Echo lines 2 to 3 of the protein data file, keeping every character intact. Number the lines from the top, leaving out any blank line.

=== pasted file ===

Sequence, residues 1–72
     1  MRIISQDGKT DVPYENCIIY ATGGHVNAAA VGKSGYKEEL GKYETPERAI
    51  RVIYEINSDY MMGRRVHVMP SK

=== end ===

     1  MRIISQDGKT DVPYENCIIY ATGGHVNAAA VGKSGYKEEL GKYETPERAI
    51  RVIYEINSDY MMGRRVHVMP SK